WASHINGTON — The military’s policy permitting transgender individuals to serve remains in place, the country’s highest military officer said on Thursday, clarifying some of the confusion surrounding President Donald Trump’s announcement on Twitter that transgender people would no longer be accepted or allowed in the military.
In a letter to the military service chiefs, Gen. Joseph Dunford, chairman of the Joint Chiefs of Staff, said that the policy on who is allowed to serve will not change until the White House sends the Defense Department a rules change and the secretary of defense issues new guidelines.
“In the meantime, we will continue to treat all of our personnel with respect,” Dunford said in the letter, first reported by Reuters. “As importantly, given the current fight and the challenges we face, we will all remain focused on accomplishing our assigned missions.”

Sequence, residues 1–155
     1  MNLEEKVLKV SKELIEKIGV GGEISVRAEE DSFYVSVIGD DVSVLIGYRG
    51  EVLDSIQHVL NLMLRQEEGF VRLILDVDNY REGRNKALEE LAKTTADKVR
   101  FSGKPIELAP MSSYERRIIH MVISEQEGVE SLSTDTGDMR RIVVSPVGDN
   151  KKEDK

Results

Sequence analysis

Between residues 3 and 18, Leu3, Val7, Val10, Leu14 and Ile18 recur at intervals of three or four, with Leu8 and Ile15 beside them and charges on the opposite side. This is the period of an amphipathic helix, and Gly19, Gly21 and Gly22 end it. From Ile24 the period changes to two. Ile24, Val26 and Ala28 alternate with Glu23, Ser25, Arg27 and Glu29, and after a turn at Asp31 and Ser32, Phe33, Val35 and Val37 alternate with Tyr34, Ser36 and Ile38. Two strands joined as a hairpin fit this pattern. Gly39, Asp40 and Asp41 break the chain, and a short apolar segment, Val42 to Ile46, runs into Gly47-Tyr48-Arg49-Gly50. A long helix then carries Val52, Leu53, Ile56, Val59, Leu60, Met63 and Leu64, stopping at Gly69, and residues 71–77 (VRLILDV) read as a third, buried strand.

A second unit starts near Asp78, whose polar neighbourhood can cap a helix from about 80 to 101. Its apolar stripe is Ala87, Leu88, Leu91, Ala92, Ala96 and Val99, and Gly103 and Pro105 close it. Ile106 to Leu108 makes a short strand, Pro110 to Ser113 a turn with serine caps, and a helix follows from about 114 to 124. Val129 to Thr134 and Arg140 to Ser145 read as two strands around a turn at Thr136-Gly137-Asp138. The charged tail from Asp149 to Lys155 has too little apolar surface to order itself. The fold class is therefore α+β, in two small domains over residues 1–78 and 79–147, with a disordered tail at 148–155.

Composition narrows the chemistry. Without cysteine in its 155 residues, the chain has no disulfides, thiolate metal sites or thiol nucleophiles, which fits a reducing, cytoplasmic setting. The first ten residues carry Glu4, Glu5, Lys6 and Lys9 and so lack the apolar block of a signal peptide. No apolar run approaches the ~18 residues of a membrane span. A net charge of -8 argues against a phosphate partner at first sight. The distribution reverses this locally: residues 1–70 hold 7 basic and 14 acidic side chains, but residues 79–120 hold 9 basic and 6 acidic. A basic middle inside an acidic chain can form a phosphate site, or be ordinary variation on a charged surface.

Dunford’s guidance is the first indication from the Pentagon about one of the central questions that arose from Trump’s abrupt announcement, made in a series of tweets Wednesday: What will happen to transgender people serving around the world?
Trump’s announcement surprised military leaders at the Pentagon, who considered the matter largely settled after President Barack Obama last year granted transgender people the right to serve openly. It also infuriated civil rights groups, which threatened lawsuits, and created an uproar among transgender people on active duty.
Sarah Huckabee Sanders, White House press secretary, did not answer on Wednesday when asked what would happen to those currently serving in the…
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